Draft legislation from the PVV which would see people from the Antilles deported if they committed a crime led to a stormy debate in parliament on Thursday, and several MPs walked out. MPs are angry that the PVV has pressed ahead with drawing up a bill, even though the Council of State has said the measure would be unconstitutional. The measure is ‘impossible to implement’ one MP said, while others accused the PVV of failing to come up with a proper solution. The PVV says people from Aruba, Curacao and Sint Maarten should be deported back to the Caribbean islands if they commit crimes, because Antillean youngsters are over-represented in crime figures. According to the NRC, several MPs walked out when the debate generated into a shouting match. The fundamentalist Protestant group SGP was the only party to see any possibility of supporting the PVV bill, the paper said. However, that too would require ‘very many changes’, MP Roelof Bisschop said. The bill’s proposers will answer MPs questions at a later date.  More >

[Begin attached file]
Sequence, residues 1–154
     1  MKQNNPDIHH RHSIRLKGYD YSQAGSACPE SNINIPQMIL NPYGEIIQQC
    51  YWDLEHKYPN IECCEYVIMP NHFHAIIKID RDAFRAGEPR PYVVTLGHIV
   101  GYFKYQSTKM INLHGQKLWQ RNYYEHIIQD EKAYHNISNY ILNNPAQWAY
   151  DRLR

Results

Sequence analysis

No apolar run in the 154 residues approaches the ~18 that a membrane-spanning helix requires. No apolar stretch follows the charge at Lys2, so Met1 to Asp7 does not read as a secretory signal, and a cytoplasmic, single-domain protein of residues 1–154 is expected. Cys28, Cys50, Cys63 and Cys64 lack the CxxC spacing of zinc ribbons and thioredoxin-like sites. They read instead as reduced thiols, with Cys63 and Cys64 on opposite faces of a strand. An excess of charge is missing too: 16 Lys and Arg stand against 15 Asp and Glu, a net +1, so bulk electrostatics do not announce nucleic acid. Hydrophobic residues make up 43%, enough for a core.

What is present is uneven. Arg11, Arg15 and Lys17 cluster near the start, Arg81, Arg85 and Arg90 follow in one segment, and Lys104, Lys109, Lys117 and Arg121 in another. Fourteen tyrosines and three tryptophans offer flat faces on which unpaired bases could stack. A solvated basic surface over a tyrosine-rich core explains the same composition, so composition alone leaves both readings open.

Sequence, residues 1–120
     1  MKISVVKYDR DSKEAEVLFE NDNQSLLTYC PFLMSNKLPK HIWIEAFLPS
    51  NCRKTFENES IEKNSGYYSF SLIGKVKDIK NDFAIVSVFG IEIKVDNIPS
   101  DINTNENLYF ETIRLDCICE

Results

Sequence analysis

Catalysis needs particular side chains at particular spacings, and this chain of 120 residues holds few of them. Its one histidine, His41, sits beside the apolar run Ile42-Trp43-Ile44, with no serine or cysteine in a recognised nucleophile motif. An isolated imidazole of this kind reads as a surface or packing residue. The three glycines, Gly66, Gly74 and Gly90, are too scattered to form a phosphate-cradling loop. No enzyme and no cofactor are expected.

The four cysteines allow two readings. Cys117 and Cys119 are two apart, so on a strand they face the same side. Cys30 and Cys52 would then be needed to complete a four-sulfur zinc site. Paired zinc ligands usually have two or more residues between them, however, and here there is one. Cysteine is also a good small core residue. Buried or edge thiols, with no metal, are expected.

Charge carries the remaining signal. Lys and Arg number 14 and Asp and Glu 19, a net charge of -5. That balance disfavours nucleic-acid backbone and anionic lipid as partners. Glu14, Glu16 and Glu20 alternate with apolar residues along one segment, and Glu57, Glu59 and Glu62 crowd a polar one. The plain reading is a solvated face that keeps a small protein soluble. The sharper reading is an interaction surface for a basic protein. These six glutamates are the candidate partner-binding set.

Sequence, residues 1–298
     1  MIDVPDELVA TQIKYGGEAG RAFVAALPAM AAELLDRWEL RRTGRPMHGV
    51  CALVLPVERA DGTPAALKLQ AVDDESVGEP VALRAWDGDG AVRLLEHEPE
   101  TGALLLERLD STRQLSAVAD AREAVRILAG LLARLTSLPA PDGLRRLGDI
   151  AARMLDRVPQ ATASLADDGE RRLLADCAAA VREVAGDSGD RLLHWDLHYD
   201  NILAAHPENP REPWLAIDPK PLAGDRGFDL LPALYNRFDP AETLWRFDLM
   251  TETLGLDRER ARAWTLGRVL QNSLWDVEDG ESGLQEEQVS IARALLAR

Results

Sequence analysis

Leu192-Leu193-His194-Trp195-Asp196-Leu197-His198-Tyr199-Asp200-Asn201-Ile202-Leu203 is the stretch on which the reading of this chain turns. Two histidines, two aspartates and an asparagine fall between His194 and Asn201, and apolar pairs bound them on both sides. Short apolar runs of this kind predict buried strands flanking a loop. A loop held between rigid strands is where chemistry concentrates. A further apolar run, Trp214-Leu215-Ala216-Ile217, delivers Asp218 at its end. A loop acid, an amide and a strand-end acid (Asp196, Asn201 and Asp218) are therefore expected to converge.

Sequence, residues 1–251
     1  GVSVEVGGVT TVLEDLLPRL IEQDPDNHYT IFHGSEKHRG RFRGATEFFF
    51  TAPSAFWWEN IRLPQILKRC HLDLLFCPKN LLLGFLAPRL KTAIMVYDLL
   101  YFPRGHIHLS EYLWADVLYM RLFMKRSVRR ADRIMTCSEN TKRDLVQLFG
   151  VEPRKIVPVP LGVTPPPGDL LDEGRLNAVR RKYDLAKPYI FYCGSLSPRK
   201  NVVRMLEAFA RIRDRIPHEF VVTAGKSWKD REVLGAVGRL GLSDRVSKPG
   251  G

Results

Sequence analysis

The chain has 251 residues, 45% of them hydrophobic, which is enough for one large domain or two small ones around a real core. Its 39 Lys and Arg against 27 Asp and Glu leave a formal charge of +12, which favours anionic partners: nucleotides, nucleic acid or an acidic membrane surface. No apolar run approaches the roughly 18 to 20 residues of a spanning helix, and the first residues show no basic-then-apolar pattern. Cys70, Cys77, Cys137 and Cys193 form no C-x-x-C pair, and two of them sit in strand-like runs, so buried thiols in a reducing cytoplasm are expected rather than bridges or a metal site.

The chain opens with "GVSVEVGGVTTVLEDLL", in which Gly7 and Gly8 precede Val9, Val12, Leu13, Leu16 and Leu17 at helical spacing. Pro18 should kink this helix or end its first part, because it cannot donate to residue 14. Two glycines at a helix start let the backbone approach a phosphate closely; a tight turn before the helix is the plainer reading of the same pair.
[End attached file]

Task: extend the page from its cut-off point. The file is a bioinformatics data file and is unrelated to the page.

Rob Oudkerk is after Amsterdam mayor job

Former Amsterdam alderman Rob Oudkerk and Labour party supporter is one of the 85 people who have now applied for the job of Amsterdam mayor. Oudkerk, a family doctor whose political career floundered after it emerged he used the services of prostitutes despite being married, has gone public with his application in the Parool newspaper. In the letter, Oudkerk writes about how ashamed he was about giving up his job in Amsterdam in 2004 when the revelations became public. 'Despite the shame, that inner voice telling me did not go quiet,' he wrote. 'You could say I have a calling to serve the city of my birth.' Applications for the Amsterdam job were reopened after king's commissioner Johan Remkes said not enough quality candidates had come forward. VVD supporter Onno Hoes, the former mayor of Maastricht who resigned after claims about his private life, is also reported to have applied. Former GroenLinks leader Femke Halsema and Amsterdam alderman Carolien Gehrels are also thought to be after the job.  More >

GroenLinks loses two stalwarts over love